The 1989 Revolutions in Central and Eastern Europe: From Communism to Pluralism

Overview

This important book reassesses a defining historical, political and ideological moment in contemporary history: the 1989 revolutions in central and eastern Europe. Bringing together established and younger British, European and north American experts from a variety of disciplines, including history, political science, international relations and cultural studies, the volume examines the rapid dismantling of the communist regimes in the late 1980s and the transition to pluralism ...

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Overview

This important book reassesses a defining historical, political and ideological moment in contemporary history: the 1989 revolutions in central and eastern Europe. Bringing together established and younger British, European and north American experts from a variety of disciplines, including history, political science, international relations and cultural studies, the volume examines the rapid dismantling of the communist regimes in the late 1980s and the transition to pluralism in the 1990s.

Incorporating archival sources and the most recent research and written in an accessible style, the chapters address such key themes as the broader historical significance of the 1989 events in relation to previous revolutionary upheavals in Europe in 1789, 1848 and 1917; the complex interaction between external and internal factors in the origins and outcomes of the revolutions; the impact of the 'Gorbachev phenomenon', the west and the end of the Cold War; and the political and socio-economic determinants of the revolutionary processes in Poland, Hungary, the German Democratic Republic, Czechoslovakia, Romania and Bulgaria. A distinctive feature of the volume is its exploration of the competing academic, cultural and ideological perceptions of the year 1989 as revolutionary triumphalism gave way to post-communist uncertainties. The authors critically evaluate the attempts to 'reconstruct the past' as new, more explicitly right-wing political agendas emerged in the ex-communist countries in the late 1990s and beyond.

Concluding that the contentious term 'revolution' is indeed apt for the momentous developments in eastern Europe in 1989, this book will be essential reading for undergraduates, postgraduates and specialists alike.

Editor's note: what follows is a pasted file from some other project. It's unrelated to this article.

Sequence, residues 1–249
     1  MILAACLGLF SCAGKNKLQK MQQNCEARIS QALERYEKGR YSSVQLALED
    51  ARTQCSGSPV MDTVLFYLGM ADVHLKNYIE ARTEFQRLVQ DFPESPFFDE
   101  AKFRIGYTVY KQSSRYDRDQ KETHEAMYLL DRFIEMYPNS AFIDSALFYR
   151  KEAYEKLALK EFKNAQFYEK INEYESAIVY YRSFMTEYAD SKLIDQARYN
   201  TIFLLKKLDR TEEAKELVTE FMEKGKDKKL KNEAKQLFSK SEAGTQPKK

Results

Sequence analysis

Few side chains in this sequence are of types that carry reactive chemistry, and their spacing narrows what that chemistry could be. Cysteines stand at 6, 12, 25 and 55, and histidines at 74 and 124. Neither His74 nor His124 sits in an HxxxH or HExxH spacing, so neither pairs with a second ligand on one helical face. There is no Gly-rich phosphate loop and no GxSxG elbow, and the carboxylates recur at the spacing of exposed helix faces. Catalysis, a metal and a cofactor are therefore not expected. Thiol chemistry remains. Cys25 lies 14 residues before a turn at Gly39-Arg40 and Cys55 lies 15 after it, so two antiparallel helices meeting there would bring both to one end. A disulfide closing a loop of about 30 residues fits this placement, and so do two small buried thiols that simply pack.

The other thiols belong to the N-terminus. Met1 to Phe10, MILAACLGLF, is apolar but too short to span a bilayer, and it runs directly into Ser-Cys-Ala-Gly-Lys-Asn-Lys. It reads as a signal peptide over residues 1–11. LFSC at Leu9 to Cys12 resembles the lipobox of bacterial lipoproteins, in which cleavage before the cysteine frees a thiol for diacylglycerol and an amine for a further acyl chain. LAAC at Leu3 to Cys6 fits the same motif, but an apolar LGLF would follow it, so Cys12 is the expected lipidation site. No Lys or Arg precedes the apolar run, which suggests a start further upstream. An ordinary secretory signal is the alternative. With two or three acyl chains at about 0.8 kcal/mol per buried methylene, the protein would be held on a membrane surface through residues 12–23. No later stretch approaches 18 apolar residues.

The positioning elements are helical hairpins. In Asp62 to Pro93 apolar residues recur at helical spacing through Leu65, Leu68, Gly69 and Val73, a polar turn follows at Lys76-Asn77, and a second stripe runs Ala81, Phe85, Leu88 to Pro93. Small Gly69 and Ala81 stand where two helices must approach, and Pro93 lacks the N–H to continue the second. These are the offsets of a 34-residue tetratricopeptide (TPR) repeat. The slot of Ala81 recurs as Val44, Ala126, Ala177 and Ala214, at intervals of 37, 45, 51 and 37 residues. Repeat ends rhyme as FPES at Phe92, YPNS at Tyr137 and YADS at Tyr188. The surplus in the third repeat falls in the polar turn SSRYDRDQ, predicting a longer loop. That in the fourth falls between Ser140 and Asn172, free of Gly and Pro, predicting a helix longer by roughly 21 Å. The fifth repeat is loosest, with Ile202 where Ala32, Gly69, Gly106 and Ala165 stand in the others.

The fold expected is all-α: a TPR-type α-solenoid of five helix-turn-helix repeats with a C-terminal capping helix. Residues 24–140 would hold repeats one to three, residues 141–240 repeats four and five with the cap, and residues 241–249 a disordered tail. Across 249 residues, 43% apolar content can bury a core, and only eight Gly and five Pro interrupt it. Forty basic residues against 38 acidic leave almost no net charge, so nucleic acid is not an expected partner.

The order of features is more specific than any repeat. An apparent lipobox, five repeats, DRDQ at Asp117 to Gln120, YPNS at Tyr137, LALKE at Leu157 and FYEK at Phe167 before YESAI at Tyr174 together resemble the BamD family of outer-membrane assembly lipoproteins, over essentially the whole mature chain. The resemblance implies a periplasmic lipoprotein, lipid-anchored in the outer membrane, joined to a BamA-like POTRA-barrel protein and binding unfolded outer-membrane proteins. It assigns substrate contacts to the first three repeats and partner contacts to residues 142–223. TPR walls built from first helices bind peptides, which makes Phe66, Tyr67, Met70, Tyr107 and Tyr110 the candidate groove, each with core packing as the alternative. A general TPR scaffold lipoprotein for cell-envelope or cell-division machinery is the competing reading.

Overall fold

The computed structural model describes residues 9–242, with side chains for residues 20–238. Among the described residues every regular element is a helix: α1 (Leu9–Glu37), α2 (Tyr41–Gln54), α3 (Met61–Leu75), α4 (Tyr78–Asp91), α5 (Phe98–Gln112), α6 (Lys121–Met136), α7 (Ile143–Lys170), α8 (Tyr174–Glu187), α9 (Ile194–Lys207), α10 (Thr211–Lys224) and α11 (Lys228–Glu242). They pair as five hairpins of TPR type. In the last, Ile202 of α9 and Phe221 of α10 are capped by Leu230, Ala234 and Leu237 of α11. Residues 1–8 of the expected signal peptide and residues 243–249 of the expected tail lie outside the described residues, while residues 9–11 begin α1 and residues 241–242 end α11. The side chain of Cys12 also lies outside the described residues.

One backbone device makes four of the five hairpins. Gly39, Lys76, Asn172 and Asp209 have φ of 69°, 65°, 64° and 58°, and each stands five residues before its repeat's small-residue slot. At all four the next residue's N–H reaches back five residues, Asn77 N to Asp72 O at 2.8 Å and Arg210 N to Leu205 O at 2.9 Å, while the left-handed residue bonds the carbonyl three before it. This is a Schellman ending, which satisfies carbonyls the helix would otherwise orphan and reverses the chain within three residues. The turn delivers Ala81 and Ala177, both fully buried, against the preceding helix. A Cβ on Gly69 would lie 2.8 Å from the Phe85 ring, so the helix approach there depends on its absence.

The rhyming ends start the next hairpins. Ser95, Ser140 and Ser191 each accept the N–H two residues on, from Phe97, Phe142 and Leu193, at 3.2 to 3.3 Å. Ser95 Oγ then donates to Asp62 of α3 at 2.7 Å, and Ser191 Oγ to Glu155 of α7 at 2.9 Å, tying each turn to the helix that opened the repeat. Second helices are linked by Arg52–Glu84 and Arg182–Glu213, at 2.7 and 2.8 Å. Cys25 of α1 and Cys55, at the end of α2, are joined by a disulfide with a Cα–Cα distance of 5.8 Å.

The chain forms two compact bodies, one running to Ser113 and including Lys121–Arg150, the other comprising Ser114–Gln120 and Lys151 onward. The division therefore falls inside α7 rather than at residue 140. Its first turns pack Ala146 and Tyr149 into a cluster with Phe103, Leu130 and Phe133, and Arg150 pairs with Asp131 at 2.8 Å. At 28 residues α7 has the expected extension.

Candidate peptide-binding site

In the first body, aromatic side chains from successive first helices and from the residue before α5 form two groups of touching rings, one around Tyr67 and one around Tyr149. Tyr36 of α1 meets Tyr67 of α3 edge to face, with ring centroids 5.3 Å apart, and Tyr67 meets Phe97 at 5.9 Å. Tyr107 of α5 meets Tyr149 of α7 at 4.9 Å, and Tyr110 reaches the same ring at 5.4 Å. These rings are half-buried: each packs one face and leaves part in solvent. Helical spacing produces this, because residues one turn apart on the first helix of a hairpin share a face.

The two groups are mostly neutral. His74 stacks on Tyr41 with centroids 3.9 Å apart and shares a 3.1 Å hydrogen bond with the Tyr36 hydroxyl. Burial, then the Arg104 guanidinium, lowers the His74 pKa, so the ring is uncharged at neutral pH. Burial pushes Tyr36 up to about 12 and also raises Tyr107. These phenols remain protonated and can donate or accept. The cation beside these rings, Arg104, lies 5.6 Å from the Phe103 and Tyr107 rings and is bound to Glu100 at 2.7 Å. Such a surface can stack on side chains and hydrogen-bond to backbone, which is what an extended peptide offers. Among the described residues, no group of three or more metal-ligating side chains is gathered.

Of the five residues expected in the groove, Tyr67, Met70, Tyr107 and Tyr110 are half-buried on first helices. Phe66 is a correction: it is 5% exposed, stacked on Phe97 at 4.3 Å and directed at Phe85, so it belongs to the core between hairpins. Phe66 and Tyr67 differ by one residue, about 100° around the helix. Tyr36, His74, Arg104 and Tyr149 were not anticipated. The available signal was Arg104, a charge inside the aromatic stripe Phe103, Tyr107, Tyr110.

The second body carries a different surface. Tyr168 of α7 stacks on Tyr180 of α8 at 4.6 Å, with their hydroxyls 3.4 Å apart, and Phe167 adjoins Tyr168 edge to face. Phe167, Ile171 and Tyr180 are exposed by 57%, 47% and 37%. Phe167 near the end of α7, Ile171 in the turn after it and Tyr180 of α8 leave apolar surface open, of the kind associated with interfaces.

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Editorial Reviews

From the Publisher
"this volume is rich in both theoretical insights and empirical detail" — (Anna Grzymala-Busse, Slavonic and East European Review Volume 92, no.2 April 2014)
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Product Details

  • ISBN-13: 9780719085277
  • Publisher: Manchester University Press
  • Publication date: 8/20/2013
  • Pages: 304
  • Product dimensions: 6.00 (w) x 9.30 (h) x 1.20 (d)

Meet the Author

Kevin McDermott is Senior Lecturer in Political History at Sheffield Hallam University

Matthew Stibbe is Professor of Modern European History at Sheffield Hallam University

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Table of Contents

Timeline - Eastern Europe, 1945-91

Leaders of East European and Soviet communist parties, 1945-91

East European communist parties and their post-communist successors

1.The collapse of communism in Eastern Europe: origins, processes, outcomes - Kevin McDermott and Matthew Stibbe

I. The historical longue durée

2. Echoes and precedents: 1989 in historical perspective - Robin Okey

II. The Gorbachev factor

3. The multifaceted external Soviet role in processes towards unanticipated revolutions - Mary Buckley

4. 'When your neighbour changes his wallpaper': the 'Gorbachev factor' and the collapse of the German Democratic Republic- Peter Grieder

III. The East European revolutions: internal and external perspectives

5. The demise of communism in Poland: a staged evolution or failed revolution? - Tom Junes

6. The international context of Hungarian transition, 1989: the view from Budapest - Lászl? Borhi

7. Creating security from below: peace movements in East and West Germany in the 1980s - Holger Nehring

8. The demise of the communist regime in Czechoslovakia, 1987-89: a socio-economic perspective - Michal Pullmann

9. Discourse and power: the FSN and the mythologisation of the Romanian revolution - Kevin Adamson and Sergiu Florean

10. A revolution in two stages: the curiosity of the Bulgarian case - Elena Simeonova

IV. Then and now: continuity and change in the academic and cultural perceptions of the communist era and its aftermath

11. A hopeless case of optimism? Jürgen Kuczynski and the end of the GDR - Matthew Stibbe

12. Meanings of 1989: right-wing discourses in post-communist Poland - Artur Lipinski

13. From the 'thirst for change' and 'hunger for truth' to a 'revolution that hardly happened': public protests and reconstructions of the past in Bulgaria in the 1990s - Nikolai Vukov

14 Afterword: the discursive constitution of revolution and revolution envy - James Krapfl

Select bibliography

Index

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